Mumbai: BMC plans to demolish ‘dangerous’ buildings in GTB Nagar – ET RealEstate

MUMBAI: The BMC has issued notices to residents of Punjabi Colony in GTB Nagar asking them to move out immediately as the buildings are in dangerous condition and need to be demolished. But many residents are refusing to leave as they don’t have alternate accommodation and cannot afford to pay rent.

The BMC has cut water and electricity supply to some of the buildings marked ‘C1’, meaning they need to be immediately vacated.

Gajanana Bellale, assistant municipal commissioner, F North Ward, said that the BMC, if needed, would use force to vacate the buildings. ”The residents should have either redeveloped their buildings or vacated them already. We can’t provide accommodation to them, it is their responsibility to find one.”

Bellale said the residents had already lost their case in the high court and the Supreme Court and had to leave the premises.

A month ago two of the 25 buildings partially collapsed, which triggered the long-pending eviction issue of the entire colony, Bellale said. According to him, the BMC declared these buildings dangerous four years ago.

When this journalist visited the area, some residents said they suspect the BMC is hand in glove with a developer, who is interested in the redevelopment of the colony – a prime property in Sion Koliwada that is home to 1,219 families.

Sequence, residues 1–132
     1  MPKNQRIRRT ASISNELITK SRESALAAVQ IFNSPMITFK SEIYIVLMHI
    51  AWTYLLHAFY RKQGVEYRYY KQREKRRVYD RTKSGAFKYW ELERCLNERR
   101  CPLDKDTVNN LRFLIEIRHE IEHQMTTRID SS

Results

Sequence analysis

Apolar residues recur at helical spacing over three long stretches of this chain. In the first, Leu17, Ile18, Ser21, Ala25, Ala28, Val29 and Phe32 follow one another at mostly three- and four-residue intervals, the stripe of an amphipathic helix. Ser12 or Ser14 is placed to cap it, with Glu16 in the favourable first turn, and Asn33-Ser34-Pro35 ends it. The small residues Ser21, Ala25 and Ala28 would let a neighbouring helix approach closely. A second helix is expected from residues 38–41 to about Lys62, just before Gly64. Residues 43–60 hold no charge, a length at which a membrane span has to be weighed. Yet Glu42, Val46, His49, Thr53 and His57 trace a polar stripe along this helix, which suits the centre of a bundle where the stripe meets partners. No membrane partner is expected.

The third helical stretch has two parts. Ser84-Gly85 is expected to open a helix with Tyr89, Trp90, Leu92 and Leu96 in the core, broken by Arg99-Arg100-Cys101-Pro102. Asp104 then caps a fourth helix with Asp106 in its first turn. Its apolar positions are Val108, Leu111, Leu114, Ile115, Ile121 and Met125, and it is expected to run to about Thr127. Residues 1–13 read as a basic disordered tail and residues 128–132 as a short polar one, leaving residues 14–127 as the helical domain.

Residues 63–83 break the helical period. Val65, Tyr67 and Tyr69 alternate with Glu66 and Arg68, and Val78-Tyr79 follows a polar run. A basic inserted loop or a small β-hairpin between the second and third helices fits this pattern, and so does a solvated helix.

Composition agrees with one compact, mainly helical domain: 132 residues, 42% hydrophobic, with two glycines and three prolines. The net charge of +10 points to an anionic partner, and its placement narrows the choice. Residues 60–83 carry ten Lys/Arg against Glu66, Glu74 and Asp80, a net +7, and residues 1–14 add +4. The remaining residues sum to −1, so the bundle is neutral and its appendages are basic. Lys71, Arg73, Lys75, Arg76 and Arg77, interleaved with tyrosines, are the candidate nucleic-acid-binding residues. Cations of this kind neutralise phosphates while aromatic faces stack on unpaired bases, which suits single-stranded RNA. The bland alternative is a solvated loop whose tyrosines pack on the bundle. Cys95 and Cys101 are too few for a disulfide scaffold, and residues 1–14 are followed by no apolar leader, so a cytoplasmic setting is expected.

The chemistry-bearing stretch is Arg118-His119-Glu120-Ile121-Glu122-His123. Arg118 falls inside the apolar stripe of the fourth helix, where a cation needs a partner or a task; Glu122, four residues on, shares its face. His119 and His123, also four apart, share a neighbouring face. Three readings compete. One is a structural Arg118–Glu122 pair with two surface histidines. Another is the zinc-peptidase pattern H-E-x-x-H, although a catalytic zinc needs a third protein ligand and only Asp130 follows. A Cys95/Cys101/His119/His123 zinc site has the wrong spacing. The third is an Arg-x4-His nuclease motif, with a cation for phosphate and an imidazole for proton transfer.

Developer Vijay Lakhani, who is interested in the redevelopment of the 25 buildings, confirmed that he was helping the residents complete the legal procedures.

“I have helped 17 housing societies get their names on the property cards. Eight societies still don’t have their names on property cards and I am helping them. I even helped them register cooperative housing societies. If the buildings are demolished then it is not going to serve my purpose,” he told Mumbai Mirror.

Several residents who have accounts with the Punjab and Maharashtra Co-operative (PMC) Bank are already struggling financially.

“I used to conduct tuitions and my husband worked as an electrician. We have almost no income since the lockdown. Where will we find another home?” asked Chhaya Vijan, 47, a resident of building number 11.

Indararaj and Lalita Devi have no income. “My husband worked as a priest and that used to bring in some income. Now where will we go?” asked Lalita.

Rakesh Lamba (59), who has diabetes and heart problems, said: ”We knew the building would go for redevelopment one day, but we never thought that the BMC would ask us to vacate it, that forcefully, that too in the middle of a pandemic.”

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